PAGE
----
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Taxonomy of reproductive Nereididae (Annelida) in multispecies swarms at Ambon Island, Indonesia.

Pamungkas J, Glasby CJ - Zookeys (2015)

Bottom Line: The ten new records brings to 13 the total number of nereidid species known to undergo mass swarming at Ambon Island; a key to the 13 species is provided.Species composition varies slightly between the three time periods: four species were common between all three periods, five species were in common between 1866 and 2014, and four species were in common between 1995 and 2009/14.Two species of Neanthes and one of Nereis are identified as potentially new and will be described in subsequent papers.

View Article: PubMed Central - HTML - PubMed

Affiliation: Research Center for Deep Sea, Indonesian Institute of Sciences, Jl. Y. Syaranamual, Guru-Guru, Poka, Ambon 97233, Indonesia.

ABSTRACT
Multispecies, or mass, spawning of different invertebrate species is well known for coral reef systems; however, incidences involving polychaetes are poorly documented. In this study we report on mass swarming, prior to spawning, of Nereididae at Ambon Island, Maluku, on three occasions: in 1866, inferred from an historical sample deposited in Naturalis, Leiden, and in March, 2009 and 2014, based on newly collected samples. The 2009 and 2014 events co-occurred with spawning of other polychaetes, known locally as wawo and including the widespread Indo-Pacific eunicid, Palola viridis (Gray in Stair). Ten species of reproductive Nereididae are described, including Composetia marmorata (Horst) new combination, formerly Ceratonereis marmorata; epitokous modifications are described for both sexes of each species including taxonomically important features such as body colour and number of pre-natatory chaetigers. Three distinct types of natatory region morphologies are recognized, which appear to characterise groups of genera. The ten new records brings to 13 the total number of nereidid species known to undergo mass swarming at Ambon Island; a key to the 13 species is provided. Species composition varies slightly between the three time periods: four species were common between all three periods, five species were in common between 1866 and 2014, and four species were in common between 1995 and 2009/14. Two species of Neanthes and one of Nereis are identified as potentially new and will be described in subsequent papers.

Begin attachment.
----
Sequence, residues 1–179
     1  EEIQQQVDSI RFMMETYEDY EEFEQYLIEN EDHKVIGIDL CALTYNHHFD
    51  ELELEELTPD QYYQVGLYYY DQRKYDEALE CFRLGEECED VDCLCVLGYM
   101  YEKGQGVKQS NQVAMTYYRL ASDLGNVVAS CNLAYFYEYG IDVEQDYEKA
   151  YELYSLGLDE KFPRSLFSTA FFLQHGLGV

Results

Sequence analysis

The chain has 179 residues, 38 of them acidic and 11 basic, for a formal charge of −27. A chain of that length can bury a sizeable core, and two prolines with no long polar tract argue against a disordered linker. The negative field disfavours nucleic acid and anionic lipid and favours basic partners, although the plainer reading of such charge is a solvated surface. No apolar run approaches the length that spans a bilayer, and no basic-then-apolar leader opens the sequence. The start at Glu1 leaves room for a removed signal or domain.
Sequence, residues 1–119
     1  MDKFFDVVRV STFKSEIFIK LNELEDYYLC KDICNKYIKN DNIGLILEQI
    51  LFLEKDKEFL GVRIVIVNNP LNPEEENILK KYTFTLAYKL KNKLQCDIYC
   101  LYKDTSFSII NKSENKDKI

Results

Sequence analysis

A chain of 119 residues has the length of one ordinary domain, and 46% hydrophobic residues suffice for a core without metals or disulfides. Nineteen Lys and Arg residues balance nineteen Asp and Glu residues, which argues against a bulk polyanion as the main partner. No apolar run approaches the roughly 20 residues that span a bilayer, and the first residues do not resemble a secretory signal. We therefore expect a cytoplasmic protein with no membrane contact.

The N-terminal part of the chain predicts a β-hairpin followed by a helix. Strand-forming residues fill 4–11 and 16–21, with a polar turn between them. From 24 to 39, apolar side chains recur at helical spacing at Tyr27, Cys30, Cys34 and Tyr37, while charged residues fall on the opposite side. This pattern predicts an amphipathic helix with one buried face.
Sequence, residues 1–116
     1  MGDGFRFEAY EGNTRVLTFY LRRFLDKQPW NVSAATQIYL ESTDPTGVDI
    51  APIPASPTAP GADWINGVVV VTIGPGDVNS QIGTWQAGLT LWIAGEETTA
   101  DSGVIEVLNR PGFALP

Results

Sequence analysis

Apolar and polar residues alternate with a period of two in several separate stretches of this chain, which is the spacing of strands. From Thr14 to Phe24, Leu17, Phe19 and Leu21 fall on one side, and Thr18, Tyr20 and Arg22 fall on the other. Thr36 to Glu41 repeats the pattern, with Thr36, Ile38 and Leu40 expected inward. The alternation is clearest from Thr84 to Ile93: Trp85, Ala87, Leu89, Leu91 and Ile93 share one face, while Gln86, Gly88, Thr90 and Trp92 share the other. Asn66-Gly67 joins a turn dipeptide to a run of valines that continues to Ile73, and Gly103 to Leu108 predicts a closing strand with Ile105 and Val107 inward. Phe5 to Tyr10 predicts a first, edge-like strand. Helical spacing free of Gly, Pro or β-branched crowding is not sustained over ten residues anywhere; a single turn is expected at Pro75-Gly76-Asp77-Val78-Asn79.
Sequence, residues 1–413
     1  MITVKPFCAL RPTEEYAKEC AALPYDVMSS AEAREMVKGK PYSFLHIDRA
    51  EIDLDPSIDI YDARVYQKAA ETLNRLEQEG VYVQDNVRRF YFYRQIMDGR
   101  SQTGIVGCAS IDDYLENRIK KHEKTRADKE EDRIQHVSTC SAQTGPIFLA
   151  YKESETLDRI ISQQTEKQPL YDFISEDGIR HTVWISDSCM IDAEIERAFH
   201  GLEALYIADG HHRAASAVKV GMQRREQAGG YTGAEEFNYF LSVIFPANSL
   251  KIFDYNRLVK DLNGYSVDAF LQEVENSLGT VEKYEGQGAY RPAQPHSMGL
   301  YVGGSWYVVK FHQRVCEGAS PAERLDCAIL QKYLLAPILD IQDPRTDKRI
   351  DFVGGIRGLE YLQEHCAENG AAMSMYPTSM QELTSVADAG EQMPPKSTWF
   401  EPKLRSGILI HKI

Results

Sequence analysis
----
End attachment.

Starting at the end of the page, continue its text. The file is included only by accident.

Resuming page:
No MeSH data available.


Sample of mixed-species nereidid epitokes collected Dutch biologist D.S. Hoedt in 1866, as found in Naturalis, Leiden.
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Figure 2: Sample of mixed-species nereidid epitokes collected Dutch biologist D.S. Hoedt in 1866, as found in Naturalis, Leiden.

Mentions: Nereidid samples collected by D.S. Hoedt and V.D. Velde were studied during a visit to Naturalis (RMNH), Leiden, in 2009 by CJG. The former comprises hundreds of epitokous Nereididae in one jar (Fig. 2), which was at the time uncatalogued. The sample was received by Naturalis (formerly the Leiden Museum) in 1867 according to the register. The entire sample was studied, and selected male and female representatives of each putative species separated. A voucher collection was registered separately with the NTM.